Marvel – Two winter storms in northern Arizona are expected to cause a combined 19 to 29 inches of snow fall in the Flagstaff area over the next five days.
The storm from Friday to Sunday is expected to bring light snowfall across the region, while the second storm is expected to give more snow from Monday to Tuesday evening.
The National Weather Service said the Flagstaff area is expected to see seven to 11 inches of snow in the first storm and 12 to 18 inches during the second storm. The second storm is estimated to receive 15 to 21 inches of snow.
As of 11 am on January 24, Flagstaff saw 7 to 9 inches of snow. Prescott has seen 3 to 5 inches of snowfall.
Driving conditions in the high country can be difficult due to the storm. Temperatures in northern Arizona are also expected to be extremely cold on Wednesday and Thursday, raising concerns over the possibility of frozen pipes in some areas of the high country.
Drivers are advised not to delay the journey north, unless absolutely necessary, and officials say that the safest option is to wait for the storm, as it will allow Snowplay to clear the highway faster. Can.
The influx of passengers heading north has resulted in a number of backups and delays along I-17 and I-40. During the late afternoon of January 24, ADOT officials say there is a traffic backup along I-17 near State Route 179, from milepost 340 to milepost 305 in Flagstaff. In addition, there is a heavy traffic backup from Cordon Junction to New River.
ADOT officials say the winter season is responsible for heavy traffic. They are asking people to wait for the storm if possible.
On the night of 24 January, ADOT officials announced that State Route 89A was closed in both directions between Sedona and Flagstaff as a result of a winter storm. There is no estimated time to reopen.
Meanwhile, the National Weather Service in Flagstaff is advising travelers to avoid parking along the freeway to play in the snow.
Snowfall at Pinetop-Lakeside, Arizona. (Photo: Charles Fishback)
Classes were canceled on Monday in Flagstaff
In a statement released during the late afternoon of January 24, Flagstaff Unified School District officials say all schools in the district will be closed at J. 25, including distance learning classes.
Part of the statement read, “A determination for school and district services will be made on Monday, or Tuesday morning, on Tuesday, January 26, 2021.”
Rain, hail was seen across the valley
The valley saw scattered rain Sunday morning, although some residents – particularly those in the southeast – saw more severe storm cells.
The National Weather Service reported that Ola and Grappel, or Soft Ola, reported with US 60 near Superior.
The metro Phoenix area is likely to receive more rain on Monday and Tuesday, as well as more widespread thunderstorms with strong winds.
Winter Storm Watch has influence in high altitude areas of Phoenix on Monday and Tuesday.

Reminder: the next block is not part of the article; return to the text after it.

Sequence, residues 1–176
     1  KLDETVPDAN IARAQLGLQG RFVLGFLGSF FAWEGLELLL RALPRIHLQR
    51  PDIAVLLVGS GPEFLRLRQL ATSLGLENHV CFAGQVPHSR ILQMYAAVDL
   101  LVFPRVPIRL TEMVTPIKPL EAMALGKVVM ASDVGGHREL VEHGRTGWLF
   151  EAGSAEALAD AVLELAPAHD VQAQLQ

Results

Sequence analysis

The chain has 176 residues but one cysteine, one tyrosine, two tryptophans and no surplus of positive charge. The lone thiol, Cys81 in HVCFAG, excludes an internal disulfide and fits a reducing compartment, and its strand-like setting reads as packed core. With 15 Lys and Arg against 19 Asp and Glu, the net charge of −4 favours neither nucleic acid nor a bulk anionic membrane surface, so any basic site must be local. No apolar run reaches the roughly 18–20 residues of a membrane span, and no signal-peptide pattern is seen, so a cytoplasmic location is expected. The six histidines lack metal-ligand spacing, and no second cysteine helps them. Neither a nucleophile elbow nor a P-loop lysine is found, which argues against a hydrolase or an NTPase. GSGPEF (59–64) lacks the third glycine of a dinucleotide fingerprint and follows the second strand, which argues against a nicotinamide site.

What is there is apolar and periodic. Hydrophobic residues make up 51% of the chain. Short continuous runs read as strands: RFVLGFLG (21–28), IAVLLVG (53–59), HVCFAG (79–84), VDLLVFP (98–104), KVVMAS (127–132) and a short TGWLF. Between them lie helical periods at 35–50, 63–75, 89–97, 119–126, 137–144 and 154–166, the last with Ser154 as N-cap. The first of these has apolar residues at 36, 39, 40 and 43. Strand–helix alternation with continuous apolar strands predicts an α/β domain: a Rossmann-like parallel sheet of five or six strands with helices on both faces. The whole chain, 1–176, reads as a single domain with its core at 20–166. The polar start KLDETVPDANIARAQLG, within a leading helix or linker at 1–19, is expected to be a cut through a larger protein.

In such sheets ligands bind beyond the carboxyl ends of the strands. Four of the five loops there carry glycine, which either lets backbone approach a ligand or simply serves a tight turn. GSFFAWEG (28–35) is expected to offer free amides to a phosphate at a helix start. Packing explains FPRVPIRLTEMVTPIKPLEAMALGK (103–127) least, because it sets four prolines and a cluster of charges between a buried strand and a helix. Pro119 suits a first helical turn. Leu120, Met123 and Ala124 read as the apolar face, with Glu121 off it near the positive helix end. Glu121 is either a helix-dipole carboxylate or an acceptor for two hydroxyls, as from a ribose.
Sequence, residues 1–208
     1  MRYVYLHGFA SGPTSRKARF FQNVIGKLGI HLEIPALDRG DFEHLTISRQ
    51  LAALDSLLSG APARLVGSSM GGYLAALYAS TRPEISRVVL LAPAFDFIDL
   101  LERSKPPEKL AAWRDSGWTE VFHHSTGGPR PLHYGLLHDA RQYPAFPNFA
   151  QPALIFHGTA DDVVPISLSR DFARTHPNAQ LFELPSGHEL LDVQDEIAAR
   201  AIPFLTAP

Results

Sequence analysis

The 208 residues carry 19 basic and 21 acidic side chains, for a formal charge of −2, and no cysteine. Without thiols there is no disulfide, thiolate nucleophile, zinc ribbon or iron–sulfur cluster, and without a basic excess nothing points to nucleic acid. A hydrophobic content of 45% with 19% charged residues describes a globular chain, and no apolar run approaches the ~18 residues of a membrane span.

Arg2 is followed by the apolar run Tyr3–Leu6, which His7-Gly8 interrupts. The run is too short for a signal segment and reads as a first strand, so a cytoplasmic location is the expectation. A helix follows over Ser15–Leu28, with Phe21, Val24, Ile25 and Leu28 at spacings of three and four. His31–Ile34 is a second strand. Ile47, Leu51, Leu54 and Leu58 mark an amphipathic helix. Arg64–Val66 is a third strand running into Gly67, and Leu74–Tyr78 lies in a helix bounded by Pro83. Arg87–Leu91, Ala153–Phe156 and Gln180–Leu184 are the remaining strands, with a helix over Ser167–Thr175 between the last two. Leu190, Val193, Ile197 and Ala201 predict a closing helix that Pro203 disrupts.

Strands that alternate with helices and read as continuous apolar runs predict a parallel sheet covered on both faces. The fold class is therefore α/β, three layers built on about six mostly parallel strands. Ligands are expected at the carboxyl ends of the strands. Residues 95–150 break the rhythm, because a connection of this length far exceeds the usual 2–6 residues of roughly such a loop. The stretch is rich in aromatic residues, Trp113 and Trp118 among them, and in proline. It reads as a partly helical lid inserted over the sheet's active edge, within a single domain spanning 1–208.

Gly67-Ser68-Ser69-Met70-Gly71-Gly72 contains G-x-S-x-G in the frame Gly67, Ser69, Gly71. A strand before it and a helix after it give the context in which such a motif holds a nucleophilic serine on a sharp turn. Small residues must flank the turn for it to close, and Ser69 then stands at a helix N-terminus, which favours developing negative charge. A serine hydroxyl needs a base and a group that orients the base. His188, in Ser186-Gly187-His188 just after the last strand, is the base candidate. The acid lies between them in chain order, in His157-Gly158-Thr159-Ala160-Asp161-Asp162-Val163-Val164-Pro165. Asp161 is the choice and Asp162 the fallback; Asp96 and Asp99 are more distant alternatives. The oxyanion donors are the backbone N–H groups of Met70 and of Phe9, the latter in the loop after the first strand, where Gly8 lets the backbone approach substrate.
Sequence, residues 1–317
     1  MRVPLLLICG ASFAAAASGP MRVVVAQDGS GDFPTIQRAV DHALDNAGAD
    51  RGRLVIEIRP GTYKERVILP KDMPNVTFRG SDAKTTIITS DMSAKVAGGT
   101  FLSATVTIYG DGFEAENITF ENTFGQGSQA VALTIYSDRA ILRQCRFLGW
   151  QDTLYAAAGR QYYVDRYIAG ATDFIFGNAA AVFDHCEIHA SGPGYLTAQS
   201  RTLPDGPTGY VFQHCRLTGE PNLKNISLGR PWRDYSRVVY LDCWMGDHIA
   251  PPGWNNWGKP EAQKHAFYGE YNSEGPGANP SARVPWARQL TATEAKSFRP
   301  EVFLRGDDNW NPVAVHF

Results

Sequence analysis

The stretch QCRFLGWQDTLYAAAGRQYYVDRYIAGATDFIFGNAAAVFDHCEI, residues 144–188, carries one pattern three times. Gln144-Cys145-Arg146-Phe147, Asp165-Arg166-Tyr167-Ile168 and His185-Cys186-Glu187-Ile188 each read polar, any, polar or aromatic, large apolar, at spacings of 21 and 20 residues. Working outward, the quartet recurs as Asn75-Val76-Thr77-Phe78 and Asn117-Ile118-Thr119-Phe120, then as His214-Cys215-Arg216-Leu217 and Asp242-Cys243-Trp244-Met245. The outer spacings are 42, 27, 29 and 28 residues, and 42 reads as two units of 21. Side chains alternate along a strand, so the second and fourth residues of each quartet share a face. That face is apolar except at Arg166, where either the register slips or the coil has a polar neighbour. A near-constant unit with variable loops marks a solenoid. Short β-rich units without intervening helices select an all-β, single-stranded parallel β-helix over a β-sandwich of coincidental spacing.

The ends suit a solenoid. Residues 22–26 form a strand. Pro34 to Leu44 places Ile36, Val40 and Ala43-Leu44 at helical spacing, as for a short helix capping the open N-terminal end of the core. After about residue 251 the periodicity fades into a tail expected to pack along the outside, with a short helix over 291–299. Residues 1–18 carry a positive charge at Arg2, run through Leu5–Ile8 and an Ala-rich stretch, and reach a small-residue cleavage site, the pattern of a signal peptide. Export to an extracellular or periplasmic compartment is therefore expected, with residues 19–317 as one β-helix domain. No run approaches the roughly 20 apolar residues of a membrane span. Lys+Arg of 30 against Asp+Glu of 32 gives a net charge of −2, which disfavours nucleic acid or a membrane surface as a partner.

Winter sports lovers delight in the running of icy winds
The imminent snowfall also means good news for the Arizona snowbell.
“We’re looking at up to three feet by next Thursday, so this is huge news for us,” said Arizona snowball marketing manager Lee Cui.
So far, the ski area has gained only 35 inches, but their weather total is expected to double in a few days from possible snowfall.
This big storm is also bringing many skiers and snowboarders to Flagstaff.
“Our Saturday tickets sold out on Tuesday nights, and Sunday tickets sold out until Thursday,” Lee said.
Rain / flood safety measures
American Red Cross Tips for Heavy Rain Conditions and Flood Protection:
- Turn around, don’t drown! If you have to drive and you encounter a flooded roadway, turn around and go the other way.
- If you are stuck on a flooded road and the water around you is rising fast, get out of the car and go to higher ground.
- Tune in to your local radio, NOAA radio, or news channels for the latest updates.
- If your neighborhood is prone to flooding, be prepared to evacuate quickly.
- Follow evacuation orders and do not attempt to return until officers are safe.
- If the power lines are down, do not step into the puddle or standing water.
- If the power is out, use a flashlight. Do not use any open flame as an alternative light.
American Red Cross tips for preparing for an intense thunderstorm:
- Put an emergency kit together.
- Know your community’s evacuation plan.
- Make a domestic disaster plan and practice it.
- Buy battery powered or hand-crank radios
- Discuss Vajra safety with your household members. Be aware that strong thunderstorms can cause flooding.
- Choose a safe place in your house for house members to gather during thunderstorms. It should be a place where there are no windows, skylight or glass doors, which can be broken by strong winds or hail and cause damage or injury.
The Associated Press (AP) contributed to this report.